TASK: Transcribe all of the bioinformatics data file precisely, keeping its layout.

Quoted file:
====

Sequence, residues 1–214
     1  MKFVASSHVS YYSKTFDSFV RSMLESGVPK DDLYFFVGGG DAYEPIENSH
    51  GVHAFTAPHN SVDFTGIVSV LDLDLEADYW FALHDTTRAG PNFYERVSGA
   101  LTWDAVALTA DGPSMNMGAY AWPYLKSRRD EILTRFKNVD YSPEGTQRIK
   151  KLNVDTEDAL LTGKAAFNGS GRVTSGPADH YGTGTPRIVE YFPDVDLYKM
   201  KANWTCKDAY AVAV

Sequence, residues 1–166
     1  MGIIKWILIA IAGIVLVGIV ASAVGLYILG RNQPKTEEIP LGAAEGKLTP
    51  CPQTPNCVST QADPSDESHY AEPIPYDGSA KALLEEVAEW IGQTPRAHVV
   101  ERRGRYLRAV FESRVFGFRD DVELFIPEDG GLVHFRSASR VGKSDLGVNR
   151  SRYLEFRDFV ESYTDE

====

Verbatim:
Sequence, residues 1–214
     1  MKFVASSHVS YYSKTFDSFV RSMLESGVPK DDLYFFVGGG DAYEPIENSH
    51  GVHAFTAPHN SVDFTGIVSV LDLDLEADYW FALHDTTRAG PNFYERVSGA
   101  LTWDAVALTA DGPSMNMGAY AWPYLKSRRD EILTRFKNVD YSPEGTQRIK
   151  KLNVDTEDAL LTGKAAFNGS GRVTSGPADH YGTGTPRIVE YFPDVDLYKM
   201  KANWTCKDAY AVAV

Sequence, residues 1–166
     1  MGIIKWILIA IAGIVLVGIV ASAVGLYILG RNQPKTEEIP LGAAEGKLTP
    51  CPQTPNCVST QADPSDESHY AEPIPYDGSA KALLEEVAEW IGQTPRAHVV
   101  ERRGRYLRAV FESRVFGFRD DVELFIPEDG GLVHFRSASR VGKSDLGVNR
   151  SRYLEFRDFV ESYTDE